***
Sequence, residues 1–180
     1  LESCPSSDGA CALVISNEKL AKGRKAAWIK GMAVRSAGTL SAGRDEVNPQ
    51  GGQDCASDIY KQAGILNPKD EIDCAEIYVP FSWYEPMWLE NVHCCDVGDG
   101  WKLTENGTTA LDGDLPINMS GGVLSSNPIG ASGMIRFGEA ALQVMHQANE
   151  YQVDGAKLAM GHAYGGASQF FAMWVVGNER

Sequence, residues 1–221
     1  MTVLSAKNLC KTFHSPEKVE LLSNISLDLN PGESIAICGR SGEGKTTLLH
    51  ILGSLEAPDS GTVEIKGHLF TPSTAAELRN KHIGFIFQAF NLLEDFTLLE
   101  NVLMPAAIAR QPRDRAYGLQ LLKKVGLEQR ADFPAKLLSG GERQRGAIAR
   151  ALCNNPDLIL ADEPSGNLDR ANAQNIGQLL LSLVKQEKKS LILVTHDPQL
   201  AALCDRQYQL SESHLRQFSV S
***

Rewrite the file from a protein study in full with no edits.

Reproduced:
Sequence, residues 1–180
     1  LESCPSSDGA CALVISNEKL AKGRKAAWIK GMAVRSAGTL SAGRDEVNPQ
    51  GGQDCASDIY KQAGILNPKD EIDCAEIYVP FSWYEPMWLE NVHCCDVGDG
   101  WKLTENGTTA LDGDLPINMS GGVLSSNPIG ASGMIRFGEA ALQVMHQANE
   151  YQVDGAKLAM GHAYGGASQF FAMWVVGNER

Sequence, residues 1–221
     1  MTVLSAKNLC KTFHSPEKVE LLSNISLDLN PGESIAICGR SGEGKTTLLH
    51  ILGSLEAPDS GTVEIKGHLF TPSTAAELRN KHIGFIFQAF NLLEDFTLLE
   101  NVLMPAAIAR QPRDRAYGLQ LLKKVGLEQR ADFPAKLLSG GERQRGAIAR
   151  ALCNNPDLIL ADEPSGNLDR ANAQNIGQLL LSLVKQEKKS LILVTHDPQL
   201  AALCDRQYQL SESHLRQFSV S